Bees Under Bombardment
More than a dozen factors, ranging from decline in flowering plants and the use of memory-damaging insecticides, may be behind the emerging decline of bee colonies across the globe, claims a report published today by the UN Environment Programme (UNEP), which brings together and analyses the latest science on collapsing bee colonies.
The study, entitled Global Bee Colony Disorders and other Threats to Insect Pollinators, shows humans’ dependency on ecosystem services in vital sectors such as food production. The report argues that bees are early warning indicators of wider impacts on animal and plant life and that measures to boost pollinators could not only improve food security but the fate of many other economically and environmentally important plants and animals.
New kinds of fungal pathogens, which can be deadly to bees and other key pollinating insects, are now being detected worldwide, migrating from one region to another as a result of shipments linked to globalization and rapidly growing international trade. Meanwhile, an estimated 20,000 flowering plant species, upon which many bee species depend for food, could be lost over the coming decades unless conservation efforts are stepped up. Furthermore, increasing use of chemicals in agriculture, including ‘systemic insecticides’ and those used to coat seeds, has been found to be damaging or toxic to bees. Left unaddressed, climate change may also aggravate the situation by changing the flowering times of plants and shifting rainfall patterns. This may in turn affect the quality and quantity of nectar supplies.
Scientists are warning that, without profound changes to the way human beings manage the planet, decline in pollinators is likely to continue. The authors of the report call for farmers and landowners to be offered incentives to restore pollinator-friendly habitats, including key flowering plants planted next to crop-producing fields.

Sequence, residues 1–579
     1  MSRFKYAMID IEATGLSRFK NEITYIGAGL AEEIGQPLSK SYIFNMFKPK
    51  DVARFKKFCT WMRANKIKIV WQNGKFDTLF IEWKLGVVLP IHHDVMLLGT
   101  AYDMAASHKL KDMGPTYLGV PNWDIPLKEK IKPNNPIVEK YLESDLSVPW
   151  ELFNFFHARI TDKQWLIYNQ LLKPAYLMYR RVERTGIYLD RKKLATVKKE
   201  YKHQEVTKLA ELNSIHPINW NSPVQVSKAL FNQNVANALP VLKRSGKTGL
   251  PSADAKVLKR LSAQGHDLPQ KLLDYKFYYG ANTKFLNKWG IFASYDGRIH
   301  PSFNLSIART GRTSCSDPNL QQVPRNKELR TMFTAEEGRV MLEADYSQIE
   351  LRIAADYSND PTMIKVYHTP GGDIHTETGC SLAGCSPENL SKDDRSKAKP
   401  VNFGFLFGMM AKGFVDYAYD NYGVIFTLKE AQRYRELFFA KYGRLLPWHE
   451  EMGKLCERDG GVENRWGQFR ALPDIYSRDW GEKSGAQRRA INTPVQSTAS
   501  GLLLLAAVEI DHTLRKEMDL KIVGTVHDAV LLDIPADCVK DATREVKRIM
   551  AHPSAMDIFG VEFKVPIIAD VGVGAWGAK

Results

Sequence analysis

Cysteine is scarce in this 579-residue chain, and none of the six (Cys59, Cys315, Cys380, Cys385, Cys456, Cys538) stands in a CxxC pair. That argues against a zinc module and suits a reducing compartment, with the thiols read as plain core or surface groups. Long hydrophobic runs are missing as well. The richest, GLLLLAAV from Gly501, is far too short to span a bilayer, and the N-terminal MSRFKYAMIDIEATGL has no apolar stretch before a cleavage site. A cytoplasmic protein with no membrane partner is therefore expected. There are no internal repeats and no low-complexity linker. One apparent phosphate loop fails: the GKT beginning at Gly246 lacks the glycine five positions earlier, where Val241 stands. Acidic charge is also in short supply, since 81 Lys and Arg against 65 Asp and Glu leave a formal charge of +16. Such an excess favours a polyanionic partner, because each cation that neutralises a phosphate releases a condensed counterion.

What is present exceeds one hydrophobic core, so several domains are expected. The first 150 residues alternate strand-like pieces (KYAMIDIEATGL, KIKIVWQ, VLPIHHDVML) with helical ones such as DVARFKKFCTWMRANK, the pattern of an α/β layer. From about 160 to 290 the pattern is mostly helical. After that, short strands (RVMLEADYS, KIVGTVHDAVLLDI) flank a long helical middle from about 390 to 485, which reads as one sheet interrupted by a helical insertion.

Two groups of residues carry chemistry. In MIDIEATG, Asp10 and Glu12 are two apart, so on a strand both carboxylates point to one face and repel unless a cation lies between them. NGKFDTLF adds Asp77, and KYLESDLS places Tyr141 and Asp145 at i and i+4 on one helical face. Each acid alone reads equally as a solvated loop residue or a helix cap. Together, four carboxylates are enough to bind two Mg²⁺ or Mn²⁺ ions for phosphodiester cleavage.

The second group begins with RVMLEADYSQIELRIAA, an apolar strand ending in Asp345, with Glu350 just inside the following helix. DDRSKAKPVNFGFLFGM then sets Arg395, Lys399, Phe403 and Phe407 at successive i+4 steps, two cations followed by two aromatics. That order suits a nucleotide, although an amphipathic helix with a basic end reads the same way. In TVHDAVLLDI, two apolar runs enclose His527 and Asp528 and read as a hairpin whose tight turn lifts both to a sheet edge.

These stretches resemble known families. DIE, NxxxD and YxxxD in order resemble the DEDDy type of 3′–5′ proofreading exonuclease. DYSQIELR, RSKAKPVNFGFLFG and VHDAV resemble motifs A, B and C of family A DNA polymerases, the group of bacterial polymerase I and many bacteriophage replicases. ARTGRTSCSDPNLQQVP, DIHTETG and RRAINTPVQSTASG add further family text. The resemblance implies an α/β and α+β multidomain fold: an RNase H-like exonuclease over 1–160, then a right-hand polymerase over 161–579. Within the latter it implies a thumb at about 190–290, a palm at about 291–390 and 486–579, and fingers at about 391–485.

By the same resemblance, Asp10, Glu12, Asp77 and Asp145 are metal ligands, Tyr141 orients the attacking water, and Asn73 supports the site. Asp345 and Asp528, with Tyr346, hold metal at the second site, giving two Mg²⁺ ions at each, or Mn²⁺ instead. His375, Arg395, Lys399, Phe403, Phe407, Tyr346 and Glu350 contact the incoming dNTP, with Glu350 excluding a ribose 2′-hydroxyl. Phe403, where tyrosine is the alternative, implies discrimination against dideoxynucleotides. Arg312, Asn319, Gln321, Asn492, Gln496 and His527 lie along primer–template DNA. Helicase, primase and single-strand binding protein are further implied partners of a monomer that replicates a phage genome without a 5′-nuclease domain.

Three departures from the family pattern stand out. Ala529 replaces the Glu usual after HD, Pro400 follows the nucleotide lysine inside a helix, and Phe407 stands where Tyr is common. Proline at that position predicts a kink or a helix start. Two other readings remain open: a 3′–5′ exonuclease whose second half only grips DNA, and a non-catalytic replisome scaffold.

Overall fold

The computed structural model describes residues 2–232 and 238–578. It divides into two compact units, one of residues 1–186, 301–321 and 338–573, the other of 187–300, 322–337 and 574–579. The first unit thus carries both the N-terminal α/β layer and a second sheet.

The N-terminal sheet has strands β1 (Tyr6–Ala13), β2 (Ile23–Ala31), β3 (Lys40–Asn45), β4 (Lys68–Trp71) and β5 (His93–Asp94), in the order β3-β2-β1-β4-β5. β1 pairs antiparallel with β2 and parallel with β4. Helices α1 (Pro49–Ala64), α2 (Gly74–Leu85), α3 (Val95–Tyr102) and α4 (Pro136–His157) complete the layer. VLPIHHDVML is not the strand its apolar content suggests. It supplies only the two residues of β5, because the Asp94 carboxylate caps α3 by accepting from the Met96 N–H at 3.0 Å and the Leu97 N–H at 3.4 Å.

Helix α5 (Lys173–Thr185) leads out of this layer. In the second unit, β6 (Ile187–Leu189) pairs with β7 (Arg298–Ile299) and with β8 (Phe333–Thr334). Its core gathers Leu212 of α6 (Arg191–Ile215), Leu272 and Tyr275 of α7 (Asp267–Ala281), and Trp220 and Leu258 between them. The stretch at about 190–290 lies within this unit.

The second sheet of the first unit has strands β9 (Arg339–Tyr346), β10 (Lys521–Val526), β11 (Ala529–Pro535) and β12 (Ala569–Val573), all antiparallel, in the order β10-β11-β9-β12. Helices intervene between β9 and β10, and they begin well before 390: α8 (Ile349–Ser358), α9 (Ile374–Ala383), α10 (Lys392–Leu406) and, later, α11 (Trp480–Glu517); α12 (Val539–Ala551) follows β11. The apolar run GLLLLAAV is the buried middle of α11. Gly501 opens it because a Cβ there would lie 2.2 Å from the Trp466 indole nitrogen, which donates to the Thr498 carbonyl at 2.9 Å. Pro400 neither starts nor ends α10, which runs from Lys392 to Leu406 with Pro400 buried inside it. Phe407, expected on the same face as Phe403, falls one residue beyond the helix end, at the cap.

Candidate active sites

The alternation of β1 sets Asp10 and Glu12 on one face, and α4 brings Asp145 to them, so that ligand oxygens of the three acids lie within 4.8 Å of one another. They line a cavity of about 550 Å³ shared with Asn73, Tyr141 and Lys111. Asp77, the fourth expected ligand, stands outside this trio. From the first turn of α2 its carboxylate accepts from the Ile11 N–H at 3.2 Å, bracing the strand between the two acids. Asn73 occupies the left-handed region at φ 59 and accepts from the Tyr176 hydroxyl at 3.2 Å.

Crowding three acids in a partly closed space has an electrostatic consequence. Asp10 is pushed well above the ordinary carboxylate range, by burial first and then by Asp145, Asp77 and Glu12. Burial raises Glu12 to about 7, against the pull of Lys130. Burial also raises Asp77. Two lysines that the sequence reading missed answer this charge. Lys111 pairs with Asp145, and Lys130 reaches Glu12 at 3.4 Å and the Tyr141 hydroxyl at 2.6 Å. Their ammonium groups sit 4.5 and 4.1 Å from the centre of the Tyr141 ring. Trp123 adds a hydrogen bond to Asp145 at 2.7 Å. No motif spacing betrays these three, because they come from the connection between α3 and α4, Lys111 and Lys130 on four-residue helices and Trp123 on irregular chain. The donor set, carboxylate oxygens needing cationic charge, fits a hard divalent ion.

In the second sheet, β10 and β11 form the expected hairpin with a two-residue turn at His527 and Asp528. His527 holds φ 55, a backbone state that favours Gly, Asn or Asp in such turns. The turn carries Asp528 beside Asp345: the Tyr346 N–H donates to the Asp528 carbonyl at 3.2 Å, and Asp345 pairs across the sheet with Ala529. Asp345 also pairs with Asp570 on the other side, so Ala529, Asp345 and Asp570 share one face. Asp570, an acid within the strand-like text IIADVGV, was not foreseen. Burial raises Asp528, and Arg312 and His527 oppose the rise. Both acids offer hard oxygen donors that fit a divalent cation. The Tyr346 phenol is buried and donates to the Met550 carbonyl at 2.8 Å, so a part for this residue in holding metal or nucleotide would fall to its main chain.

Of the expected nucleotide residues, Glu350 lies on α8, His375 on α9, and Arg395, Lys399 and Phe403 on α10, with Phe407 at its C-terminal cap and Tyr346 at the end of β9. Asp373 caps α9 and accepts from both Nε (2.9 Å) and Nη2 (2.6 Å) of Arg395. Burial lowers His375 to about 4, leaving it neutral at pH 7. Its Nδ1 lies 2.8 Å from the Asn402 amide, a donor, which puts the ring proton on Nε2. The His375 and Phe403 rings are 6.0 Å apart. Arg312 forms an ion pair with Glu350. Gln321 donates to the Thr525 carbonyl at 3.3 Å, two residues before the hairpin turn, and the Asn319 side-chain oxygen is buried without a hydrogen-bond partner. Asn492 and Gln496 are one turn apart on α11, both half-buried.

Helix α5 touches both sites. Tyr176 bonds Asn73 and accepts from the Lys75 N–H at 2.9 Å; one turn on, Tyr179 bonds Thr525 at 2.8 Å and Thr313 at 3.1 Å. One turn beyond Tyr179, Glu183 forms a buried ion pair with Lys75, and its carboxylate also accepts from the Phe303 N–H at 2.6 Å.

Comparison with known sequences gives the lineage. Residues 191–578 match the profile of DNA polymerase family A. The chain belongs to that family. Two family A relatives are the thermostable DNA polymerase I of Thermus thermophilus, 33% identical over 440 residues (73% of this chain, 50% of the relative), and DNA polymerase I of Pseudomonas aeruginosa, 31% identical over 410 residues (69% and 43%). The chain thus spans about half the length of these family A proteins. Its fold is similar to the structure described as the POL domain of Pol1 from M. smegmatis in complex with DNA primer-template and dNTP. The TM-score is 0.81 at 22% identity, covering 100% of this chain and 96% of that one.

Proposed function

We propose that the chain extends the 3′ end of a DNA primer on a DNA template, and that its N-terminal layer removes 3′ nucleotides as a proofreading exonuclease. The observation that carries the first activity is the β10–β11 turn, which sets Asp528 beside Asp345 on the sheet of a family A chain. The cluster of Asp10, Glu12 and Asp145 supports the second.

More care also needs to be taken in the choice, timing and application of insecticides and other chemicals. While managed hives can be moved out of harm’s way, ‘wild populations (of pollinators) are completely vulnerable’, says the report.
Achim Steiner, UN Under-Secretary-General and UNEP Executive Director, said: ‘The way humanity manages or mismanages its nature-based assets, including pollinators, will in part define our collective future in the 21st century. The fact is that of the 100 crop species that provide 90 per cent of the world’s food, over 70 are pollinated by bees.’
He continues: ‘Human beings have fabricated the illusion that in the 21st century they have the technological prowess to be independent of nature. Bees underline the reality that we are more, not less dependent on nature’s services in a world of close to seven billion people.’
The full report, Global Bee Colony Disorders and other Threats to Insect Pollinators, can be read here or downloaded at:
The report is part of the UNEP Emerging Issues series, which is available at:
UNEP is host to a wide ranging partnership-The Economics of Ecosystems and Biodiversity (TEEB) -which is estimating the economics of nature and the returns to communities and countries from improved management of these assets.
For more information, please visit: www.teebweb.org
The Green Economy in the context of sustainable development and poverty eradication is one of the two major themes of the UN Conference on Sustainable Development 2012 (UNCSD 2012) or Rio+20.
For more information on UNCSD 2012, please visit:www.uncsd2012.org
UNEP Green Economy Initiative:www.unep.org/greeneconomy